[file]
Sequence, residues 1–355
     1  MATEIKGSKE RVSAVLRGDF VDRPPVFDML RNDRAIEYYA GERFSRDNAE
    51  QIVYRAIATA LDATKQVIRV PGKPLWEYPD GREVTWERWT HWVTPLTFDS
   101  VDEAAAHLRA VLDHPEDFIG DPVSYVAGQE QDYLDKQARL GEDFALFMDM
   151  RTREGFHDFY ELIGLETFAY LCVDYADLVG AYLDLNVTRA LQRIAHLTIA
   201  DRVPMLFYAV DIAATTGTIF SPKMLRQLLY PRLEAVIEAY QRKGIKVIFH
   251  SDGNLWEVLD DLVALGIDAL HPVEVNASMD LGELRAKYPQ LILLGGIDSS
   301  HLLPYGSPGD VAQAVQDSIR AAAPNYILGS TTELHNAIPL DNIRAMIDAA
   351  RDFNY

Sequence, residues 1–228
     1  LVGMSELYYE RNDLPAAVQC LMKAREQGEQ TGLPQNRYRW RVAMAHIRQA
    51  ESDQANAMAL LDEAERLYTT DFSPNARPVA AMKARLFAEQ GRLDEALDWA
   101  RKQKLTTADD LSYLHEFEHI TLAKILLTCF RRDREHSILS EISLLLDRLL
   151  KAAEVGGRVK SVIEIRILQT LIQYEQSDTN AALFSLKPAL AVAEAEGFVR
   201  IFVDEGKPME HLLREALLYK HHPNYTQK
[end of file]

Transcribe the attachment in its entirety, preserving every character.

Sequence, residues 1–355
     1  MATEIKGSKE RVSAVLRGDF VDRPPVFDML RNDRAIEYYA GERFSRDNAE
    51  QIVYRAIATA LDATKQVIRV PGKPLWEYPD GREVTWERWT HWVTPLTFDS
   101  VDEAAAHLRA VLDHPEDFIG DPVSYVAGQE QDYLDKQARL GEDFALFMDM
   151  RTREGFHDFY ELIGLETFAY LCVDYADLVG AYLDLNVTRA LQRIAHLTIA
   201  DRVPMLFYAV DIAATTGTIF SPKMLRQLLY PRLEAVIEAY QRKGIKVIFH
   251  SDGNLWEVLD DLVALGIDAL HPVEVNASMD LGELRAKYPQ LILLGGIDSS
   301  HLLPYGSPGD VAQAVQDSIR AAAPNYILGS TTELHNAIPL DNIRAMIDAA
   351  RDFNY

Sequence, residues 1–228
     1  LVGMSELYYE RNDLPAAVQC LMKAREQGEQ TGLPQNRYRW RVAMAHIRQA
    51  ESDQANAMAL LDEAERLYTT DFSPNARPVA AMKARLFAEQ GRLDEALDWA
   101  RKQKLTTADD LSYLHEFEHI TLAKILLTCF RRDREHSILS EISLLLDRLL
   151  KAAEVGGRVK SVIEIRILQT LIQYEQSDTN AALFSLKPAL AVAEAEGFVR
   201  IFVDEGKPME HLLREALLYK HHPNYTQK